May 24, 2017
by Sunitha Sarveswaran
Most people look at strawberry tops or carrot peels and throw them away, without realizing the myriad of other uses these scraps could provide. According to the EPA, the most preferred use for food and organics is human consumption. The least preferred uses are landfill and incineration. The GreenHomeNYC April Forum on Sustainable Food Systems featured a panel of five experts who spoke about the different strategies communities, businesses, and building owners can employ in order to limit or eliminate their organic waste footprint.
Communities can make a difference
According to the New York City Department of Sanitation, more than a third of all waste generated by New York City residents is organic waste. Michael Hurwitz, the Director of the GreenMarket Program and GrowNYC, spoke about how consumers can make a large impact on the organic waste footprint of New York City. Greenmarket was founded in 1976 with two main goals: to keep local farms viable and to ensure New Yorkers have unlimited access to fresh, local produce. Hurwitz discussed how one third of all food grown goes unharvested due to the cosmetic preferences of vendors. GreenMarket takes this unwanted produce and sells it at their local markets. Greenmarket’s passion is educating consumers on how to prepare food so that every part is used and scraps are not wasted. Greenmarket provides recipes, canning presentations and workshops to help consumers minimize their food waste and stretch their dollar.
May 22, 2017
By Megan Nordgren
Photo by Giulia Luci
On Tuesday, May 9, representatives from the public and private sectors in sustainable waste management came together with moderator Emily Taubenblatt to provide career insights into this rapidly growing and changing field. While the speakers described different experiences with their respective employers, they agreed on the kinds of traits that are most useful when working in the field of sustainable waste management: Patience, Persistence and the Ability to Troubleshoot.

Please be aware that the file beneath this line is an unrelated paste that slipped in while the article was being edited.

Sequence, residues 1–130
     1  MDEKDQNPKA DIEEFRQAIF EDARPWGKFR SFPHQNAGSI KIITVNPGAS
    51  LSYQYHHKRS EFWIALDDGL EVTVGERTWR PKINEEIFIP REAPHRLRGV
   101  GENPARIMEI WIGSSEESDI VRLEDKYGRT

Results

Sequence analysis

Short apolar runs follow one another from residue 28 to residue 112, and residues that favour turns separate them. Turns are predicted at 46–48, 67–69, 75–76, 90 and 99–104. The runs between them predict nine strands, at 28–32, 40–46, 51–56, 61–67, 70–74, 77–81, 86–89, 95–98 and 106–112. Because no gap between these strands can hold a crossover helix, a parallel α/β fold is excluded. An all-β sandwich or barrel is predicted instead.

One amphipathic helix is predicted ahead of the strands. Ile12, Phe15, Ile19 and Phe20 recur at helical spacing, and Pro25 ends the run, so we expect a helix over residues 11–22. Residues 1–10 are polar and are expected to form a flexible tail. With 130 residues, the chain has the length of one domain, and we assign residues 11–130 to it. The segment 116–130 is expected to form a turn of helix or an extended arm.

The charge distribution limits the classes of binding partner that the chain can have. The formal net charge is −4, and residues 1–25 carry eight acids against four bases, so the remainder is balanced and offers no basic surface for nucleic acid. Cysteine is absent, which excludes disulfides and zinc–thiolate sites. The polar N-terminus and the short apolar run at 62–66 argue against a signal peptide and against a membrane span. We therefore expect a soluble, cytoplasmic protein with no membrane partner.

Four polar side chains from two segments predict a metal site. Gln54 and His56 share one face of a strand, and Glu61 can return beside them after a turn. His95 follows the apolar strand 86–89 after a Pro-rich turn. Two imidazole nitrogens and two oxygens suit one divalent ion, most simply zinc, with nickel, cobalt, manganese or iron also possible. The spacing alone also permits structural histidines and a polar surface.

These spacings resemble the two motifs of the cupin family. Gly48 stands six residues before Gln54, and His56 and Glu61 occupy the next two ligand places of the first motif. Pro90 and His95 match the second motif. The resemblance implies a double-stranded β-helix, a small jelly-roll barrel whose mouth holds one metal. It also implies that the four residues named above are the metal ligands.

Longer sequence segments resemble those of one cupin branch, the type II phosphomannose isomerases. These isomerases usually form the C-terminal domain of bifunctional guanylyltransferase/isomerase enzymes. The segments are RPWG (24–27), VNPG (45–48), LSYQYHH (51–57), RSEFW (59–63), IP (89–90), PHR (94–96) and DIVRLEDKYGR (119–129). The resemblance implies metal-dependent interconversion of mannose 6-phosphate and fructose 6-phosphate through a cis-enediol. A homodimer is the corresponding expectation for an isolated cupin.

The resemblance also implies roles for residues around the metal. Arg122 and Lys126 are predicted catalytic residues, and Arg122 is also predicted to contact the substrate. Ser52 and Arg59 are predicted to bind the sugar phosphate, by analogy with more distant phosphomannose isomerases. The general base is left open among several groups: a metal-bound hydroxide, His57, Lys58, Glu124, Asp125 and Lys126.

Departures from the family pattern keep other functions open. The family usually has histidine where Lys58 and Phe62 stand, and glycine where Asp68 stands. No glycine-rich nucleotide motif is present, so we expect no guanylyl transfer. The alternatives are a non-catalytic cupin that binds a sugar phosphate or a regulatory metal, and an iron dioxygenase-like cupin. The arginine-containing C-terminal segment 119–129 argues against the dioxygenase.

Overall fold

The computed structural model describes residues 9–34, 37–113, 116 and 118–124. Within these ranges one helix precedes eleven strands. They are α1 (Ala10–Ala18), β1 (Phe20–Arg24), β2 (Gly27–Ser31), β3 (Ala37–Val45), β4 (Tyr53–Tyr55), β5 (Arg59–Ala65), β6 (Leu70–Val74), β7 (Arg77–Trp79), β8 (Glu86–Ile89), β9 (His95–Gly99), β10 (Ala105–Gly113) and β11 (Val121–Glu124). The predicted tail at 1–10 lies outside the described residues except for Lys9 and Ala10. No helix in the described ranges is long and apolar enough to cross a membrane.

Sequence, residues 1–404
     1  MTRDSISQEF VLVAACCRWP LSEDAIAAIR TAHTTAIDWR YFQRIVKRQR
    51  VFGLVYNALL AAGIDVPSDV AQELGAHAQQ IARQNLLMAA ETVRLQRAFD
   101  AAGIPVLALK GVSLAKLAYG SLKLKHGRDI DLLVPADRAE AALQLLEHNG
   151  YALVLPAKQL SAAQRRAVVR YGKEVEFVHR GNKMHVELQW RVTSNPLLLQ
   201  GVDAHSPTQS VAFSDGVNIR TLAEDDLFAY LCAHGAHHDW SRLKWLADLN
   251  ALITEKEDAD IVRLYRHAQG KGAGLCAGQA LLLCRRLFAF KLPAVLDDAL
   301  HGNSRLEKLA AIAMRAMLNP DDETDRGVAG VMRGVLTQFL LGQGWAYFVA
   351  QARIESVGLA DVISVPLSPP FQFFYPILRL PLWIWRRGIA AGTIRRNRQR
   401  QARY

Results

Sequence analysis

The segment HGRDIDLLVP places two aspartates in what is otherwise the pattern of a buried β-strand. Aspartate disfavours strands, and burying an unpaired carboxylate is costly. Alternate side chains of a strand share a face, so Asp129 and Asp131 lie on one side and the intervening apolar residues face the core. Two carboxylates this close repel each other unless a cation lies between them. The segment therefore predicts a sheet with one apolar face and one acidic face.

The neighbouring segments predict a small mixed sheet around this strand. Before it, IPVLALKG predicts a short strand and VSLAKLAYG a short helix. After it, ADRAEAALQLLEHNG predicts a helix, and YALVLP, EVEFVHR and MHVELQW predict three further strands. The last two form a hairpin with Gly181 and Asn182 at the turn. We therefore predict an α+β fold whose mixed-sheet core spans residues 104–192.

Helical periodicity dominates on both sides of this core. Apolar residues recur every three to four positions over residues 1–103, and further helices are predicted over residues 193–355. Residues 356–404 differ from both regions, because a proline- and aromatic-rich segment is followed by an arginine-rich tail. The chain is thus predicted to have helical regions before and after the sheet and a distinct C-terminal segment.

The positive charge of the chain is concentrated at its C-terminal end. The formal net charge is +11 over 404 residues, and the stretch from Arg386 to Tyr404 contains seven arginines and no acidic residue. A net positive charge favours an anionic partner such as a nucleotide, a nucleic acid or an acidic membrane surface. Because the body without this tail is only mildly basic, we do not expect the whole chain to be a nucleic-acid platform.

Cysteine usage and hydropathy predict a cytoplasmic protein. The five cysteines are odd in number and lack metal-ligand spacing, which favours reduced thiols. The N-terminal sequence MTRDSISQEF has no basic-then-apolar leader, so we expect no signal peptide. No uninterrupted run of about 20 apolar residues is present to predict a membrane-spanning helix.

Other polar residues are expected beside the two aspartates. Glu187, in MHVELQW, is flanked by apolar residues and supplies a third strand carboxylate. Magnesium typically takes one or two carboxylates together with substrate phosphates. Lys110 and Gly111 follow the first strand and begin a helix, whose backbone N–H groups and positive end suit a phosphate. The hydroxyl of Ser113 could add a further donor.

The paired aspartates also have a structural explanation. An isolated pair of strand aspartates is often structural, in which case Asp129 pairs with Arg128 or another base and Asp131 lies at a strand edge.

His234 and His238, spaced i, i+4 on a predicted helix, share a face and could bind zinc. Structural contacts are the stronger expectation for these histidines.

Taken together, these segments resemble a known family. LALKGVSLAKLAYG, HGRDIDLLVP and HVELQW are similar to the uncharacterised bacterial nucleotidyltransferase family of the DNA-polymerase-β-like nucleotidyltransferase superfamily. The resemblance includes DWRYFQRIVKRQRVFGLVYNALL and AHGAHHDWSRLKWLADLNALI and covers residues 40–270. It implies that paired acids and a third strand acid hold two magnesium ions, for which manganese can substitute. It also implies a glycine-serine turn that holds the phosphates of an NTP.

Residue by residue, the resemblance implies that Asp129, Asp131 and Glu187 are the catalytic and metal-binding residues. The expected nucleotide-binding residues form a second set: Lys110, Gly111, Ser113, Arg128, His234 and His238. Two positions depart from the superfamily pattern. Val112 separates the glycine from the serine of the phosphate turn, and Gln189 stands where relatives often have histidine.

Marisa Kaminski – NYC Department of Education Zero Waste Schools Program
With more than 1,800 public schools in New York City serving more than one million students, the Department of Education (DOE) has a very large waste footprint. To support OneNYC’s Goal of Zero Waste by 2030, the DOE Office of Sustainability created a new Zero Waste Schools Program to help schools improve their recycling rates and reduce their waste. The program is a partnership between the Department of Sanitation and GrowNYC’s Recycling Champions, working together to increase recycling.
With the program now in its first year, the seven current staff members who serve as Zero Waste Schools coordinators are working with 100 schools selected to be in the program. They also help other schools when requested, and assist schools identified as having a problem. The coordinators work with the various school staff involved in recycling, including custodians, school food staff, principals, teachers, and students to troubleshoot problems that are found and to provide education. Several of the coordinators have Master’s Degrees in Sustainability Management, but it is not a requirement for employment. What is required, however, are strong communications skills, project management skills, and the ability to troubleshoot. (more…)
April 28, 2017
by Sunitha Sarveswaran
Have you ever considered how a flower functions? It lives off the resources available to it, using the sun, water and soil in its immediate surroundings to thrive. It also provides a service to its surrounding environment, in the way of food, shelter and aesthetic beauty. This is what a building following the Living Building Challenge® certification is designed to emulate.
Living Building Challenge (LBC) was created by the Cascadia Green Building Council in 2006. It was born from the concept that a building should not only be energy efficient, but also have a positive impact on its residents and the community. Buildings that take on the Challenge go above and beyond typical high performance buildings. The aim of LBC is to reduce the energy and water footprint of a building down to the amount it can produce on site. In addition, LBC asks buildings to connect residents and communities with healthy, beautiful and renewing environments. These are very tall orders!
April 26, 2017
Interested in learning about compost, recycling, and other forms of sustainable waste management? Join Green Careers for an interactive panel on sustainable waste management practices in NYC!
Marisa Kaminski – Zero Waste Schools Program
Marguerite Manela – NYC Department of Sanitation, Bureau of Recycling and Sustainability
Amy Marpman – Recycling Track Systems
Jacquelyn Ottman – We Hate to Waste
Tue, May 9, 2017
6:30 PM – 8:30 PM EDT
Steven Winter Associates
307 7th Avenue
17th Floor Conference Room
New York City, NY 10001
Register Here: https://www.eventbrite.com/e/green-careers-sustainable-waste-management-tickets-34049741694
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